It was around 9 pm on Thursday evening when a storm came through. One of the first thunder storms of the season, this one had the works – lightning, thunder, and steady, heavy rain. Never a fan of thunder, especially at night, I was glad that we were altogether in the den watching a movie as a family. Snuggled between Ronan and his younger brother on the couch, I felt safe.
Turning off the TV after the movie ended, we stayed in the den a little bit longer and said prayers with the kids. Just as we sent them on their way to get ready for bed, the electricity went out. In between flashes of lightning was total darkness. Groping the furniture so as not to trip on anything or anyone, I looked for a flashlight. Ronan’s youngest sister is terrified of the dark and had just gone to my bathroom to brush her teeth. Knowing she’d be really, really scared, and because that bathroom was on the complete opposite side of the house, I made a plan. That plan changed when I realized that Ronan’s brother had just gone into the basement to play video games. Both were in darkness and would have to make their way through an even darker hallway. Since she was more scared than he, I ran to her first. Not as nervous as I get with thunder, but just enough to be a bit jittery, Willem laughed the entire way back up the stairs looking for the rest of us. Finding Ronan, he offered to bring him to his room and help get him ready for bed.
Once the kids had flashlights and could continue with the bedtime routine, I went back to clean up the den. I thought Fiona had gone to her own room to go to bed already. She had to be at work at 5 am the next day, but I could still hear her voice. Listening for where it was coming from, I was surprised to hear her in my younger girls’ bedroom. I was even more surprised as I realized all of my children were in the girls’ bedroom. Ronan and Willem had taken a detour and joined them.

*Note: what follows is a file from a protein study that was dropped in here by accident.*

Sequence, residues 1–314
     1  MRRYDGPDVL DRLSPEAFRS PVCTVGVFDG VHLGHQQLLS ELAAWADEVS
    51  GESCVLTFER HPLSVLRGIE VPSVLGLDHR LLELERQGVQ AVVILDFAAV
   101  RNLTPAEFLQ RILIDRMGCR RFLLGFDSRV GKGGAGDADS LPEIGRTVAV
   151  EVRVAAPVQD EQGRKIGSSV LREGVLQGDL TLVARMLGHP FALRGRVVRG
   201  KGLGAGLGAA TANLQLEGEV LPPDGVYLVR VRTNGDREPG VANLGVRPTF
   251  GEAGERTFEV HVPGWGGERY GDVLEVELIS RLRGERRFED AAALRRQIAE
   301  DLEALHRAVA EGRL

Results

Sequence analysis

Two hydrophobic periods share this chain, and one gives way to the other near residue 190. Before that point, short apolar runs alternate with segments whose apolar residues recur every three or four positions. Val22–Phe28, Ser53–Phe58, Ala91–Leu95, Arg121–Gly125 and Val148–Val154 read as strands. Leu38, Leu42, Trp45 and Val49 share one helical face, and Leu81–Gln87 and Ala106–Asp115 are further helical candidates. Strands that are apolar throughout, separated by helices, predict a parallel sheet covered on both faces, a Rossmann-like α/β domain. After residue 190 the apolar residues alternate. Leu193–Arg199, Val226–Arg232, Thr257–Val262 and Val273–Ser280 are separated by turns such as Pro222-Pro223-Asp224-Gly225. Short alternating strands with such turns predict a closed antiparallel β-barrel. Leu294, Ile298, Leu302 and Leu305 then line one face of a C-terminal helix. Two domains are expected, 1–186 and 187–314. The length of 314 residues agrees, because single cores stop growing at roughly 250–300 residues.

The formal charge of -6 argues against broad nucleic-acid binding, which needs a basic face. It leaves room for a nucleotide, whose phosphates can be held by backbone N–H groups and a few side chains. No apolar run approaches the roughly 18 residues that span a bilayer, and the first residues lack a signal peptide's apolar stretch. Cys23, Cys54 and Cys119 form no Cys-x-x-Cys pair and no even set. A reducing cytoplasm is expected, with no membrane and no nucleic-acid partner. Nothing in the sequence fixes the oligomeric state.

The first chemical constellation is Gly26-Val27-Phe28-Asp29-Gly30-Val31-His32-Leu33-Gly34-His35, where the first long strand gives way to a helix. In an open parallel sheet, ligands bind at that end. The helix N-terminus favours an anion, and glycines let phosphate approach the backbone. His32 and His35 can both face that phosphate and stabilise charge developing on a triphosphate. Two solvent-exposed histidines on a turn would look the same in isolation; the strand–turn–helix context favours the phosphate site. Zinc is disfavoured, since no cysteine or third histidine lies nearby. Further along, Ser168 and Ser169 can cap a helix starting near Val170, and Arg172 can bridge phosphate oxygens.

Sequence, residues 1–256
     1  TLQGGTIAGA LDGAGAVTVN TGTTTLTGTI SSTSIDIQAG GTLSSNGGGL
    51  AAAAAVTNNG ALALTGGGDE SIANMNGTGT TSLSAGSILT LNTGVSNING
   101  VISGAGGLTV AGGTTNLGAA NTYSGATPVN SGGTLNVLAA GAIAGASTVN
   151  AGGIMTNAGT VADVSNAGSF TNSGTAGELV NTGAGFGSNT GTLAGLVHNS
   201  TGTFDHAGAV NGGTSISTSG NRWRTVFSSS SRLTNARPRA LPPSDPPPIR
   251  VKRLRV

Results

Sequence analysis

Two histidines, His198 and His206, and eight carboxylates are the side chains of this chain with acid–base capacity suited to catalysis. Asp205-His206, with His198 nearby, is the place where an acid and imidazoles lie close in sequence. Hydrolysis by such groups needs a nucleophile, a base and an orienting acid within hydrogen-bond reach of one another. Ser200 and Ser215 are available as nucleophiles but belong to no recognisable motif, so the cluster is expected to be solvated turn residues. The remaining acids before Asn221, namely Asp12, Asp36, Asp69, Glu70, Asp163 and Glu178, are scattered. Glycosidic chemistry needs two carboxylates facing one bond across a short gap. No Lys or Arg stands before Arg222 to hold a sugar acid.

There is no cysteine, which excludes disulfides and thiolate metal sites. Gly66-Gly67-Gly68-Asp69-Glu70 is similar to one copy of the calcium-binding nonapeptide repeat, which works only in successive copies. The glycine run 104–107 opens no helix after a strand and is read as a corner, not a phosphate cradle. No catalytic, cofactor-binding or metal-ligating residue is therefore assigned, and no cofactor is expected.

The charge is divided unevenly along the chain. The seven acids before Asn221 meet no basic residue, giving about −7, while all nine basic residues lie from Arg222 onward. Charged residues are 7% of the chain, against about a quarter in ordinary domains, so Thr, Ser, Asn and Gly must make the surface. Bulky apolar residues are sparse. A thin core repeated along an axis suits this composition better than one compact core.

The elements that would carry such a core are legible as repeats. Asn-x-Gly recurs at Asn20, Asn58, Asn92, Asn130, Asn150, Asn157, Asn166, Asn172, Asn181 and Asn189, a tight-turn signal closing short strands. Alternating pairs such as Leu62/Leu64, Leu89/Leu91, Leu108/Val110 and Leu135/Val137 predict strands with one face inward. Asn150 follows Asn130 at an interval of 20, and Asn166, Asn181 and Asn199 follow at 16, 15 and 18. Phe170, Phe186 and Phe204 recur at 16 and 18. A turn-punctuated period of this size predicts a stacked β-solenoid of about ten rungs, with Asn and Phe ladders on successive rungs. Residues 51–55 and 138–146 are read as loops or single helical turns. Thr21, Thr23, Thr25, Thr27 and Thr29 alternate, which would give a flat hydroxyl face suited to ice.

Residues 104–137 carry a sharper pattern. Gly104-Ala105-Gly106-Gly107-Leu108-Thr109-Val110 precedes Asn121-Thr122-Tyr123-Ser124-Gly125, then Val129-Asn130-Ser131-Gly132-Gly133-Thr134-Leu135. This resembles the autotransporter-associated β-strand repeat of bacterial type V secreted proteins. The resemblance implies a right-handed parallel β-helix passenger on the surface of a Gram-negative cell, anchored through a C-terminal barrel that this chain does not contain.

Not wanting to break up the sibling bond, I stopped in the darkened hallway and listened. I could hear laughter, silly noises, and funny stories being told. The storm, which had wreaked havoc in our neighborhood, had brought them together. Cherishing the moment, I thanked God for the lightning and thunder I normally loathe.
Like other storms I’ve experienced, last night’s is now but a memory.
Sitting down today to write, I was struck by how often ordinary life turns ominous. Without warning or preparation, one finds it’s dark and scary. As you grope through the gloom, your first thought is for those who are vulnerable, the ones most dependent on you. Will they be okay? Will they make it through? Will they be scarred? If yes, for how long?
But rather than wallow in the shadows or the darkness, I remind myself to look for the positive. I haven’t always done that, including when Ronan was injured by vaccines. Discovering that injury was a horrible realization. On the very tough days, it still is! What positive could possibly come from it? Well, when I think about it, I can list a few encouraging things that have happened – I’m a better advocate for all of my children because of that injury. I’m a stronger mother also. It might not occur right away, but I think other parents can eventually list a few positive things in their life as well.
I find that when I do look for the positive, it’s always better than dwelling on the negative. And like that storm that came through Thursday night, negatives don’t have to last forever. Sometimes they end on their own; other times, I have to tell myself that it’s time to walk away from them.
When my dad entered the Marine Corps, there was a popular recruiting poster reminding him that, “We don’t promise you a rose garden.” Those words can apply to family life: “We don’t promise you bright, sunshiny and clear days.” What a perfect world it would be if each day was like that! For a few minutes last week, when all of my kids were pig piled into one bedroom reminiscing about storms they remember from “when they were little kids”, life was perfect.
Sibling rivalry took a backseat.
Autism behaviors didn’t interfere.
Vaccine injury didn’t interrupt.
It was just my kids being kids. There was no stress. There were no worries. They were just happy to be together, Ronan included. It was totally unexpected but most welcomed when their laughter and love for each other spilled out of that room and into that hallway. Those peaceful moments after the storm didn’t last forever, but they will be a memory that I won’t soon forget.
Cathy Jameson is a Contributing Editor for Age of Autism.